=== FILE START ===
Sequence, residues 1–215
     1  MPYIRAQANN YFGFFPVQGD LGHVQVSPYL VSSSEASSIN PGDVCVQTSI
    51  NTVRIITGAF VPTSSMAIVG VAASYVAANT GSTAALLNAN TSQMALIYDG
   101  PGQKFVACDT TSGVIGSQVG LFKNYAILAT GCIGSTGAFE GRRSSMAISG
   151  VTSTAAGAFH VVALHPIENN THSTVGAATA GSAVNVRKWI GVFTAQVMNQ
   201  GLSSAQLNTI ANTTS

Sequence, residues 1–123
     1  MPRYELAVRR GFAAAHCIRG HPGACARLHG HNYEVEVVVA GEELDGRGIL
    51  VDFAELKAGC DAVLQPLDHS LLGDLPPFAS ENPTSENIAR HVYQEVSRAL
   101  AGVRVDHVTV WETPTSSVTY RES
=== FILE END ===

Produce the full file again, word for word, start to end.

Sequence, residues 1–215
     1  MPYIRAQANN YFGFFPVQGD LGHVQVSPYL VSSSEASSIN PGDVCVQTSI
    51  NTVRIITGAF VPTSSMAIVG VAASYVAANT GSTAALLNAN TSQMALIYDG
   101  PGQKFVACDT TSGVIGSQVG LFKNYAILAT GCIGSTGAFE GRRSSMAISG
   151  VTSTAAGAFH VVALHPIENN THSTVGAATA GSAVNVRKWI GVFTAQVMNQ
   201  GLSSAQLNTI ANTTS

Sequence, residues 1–123
     1  MPRYELAVRR GFAAAHCIRG HPGACARLHG HNYEVEVVVA GEELDGRGIL
    51  VDFAELKAGC DAVLQPLDHS LLGDLPPFAS ENPTSENIAR HVYQEVSRAL
   101  AGVRVDHVTV WETPTSSVTY RES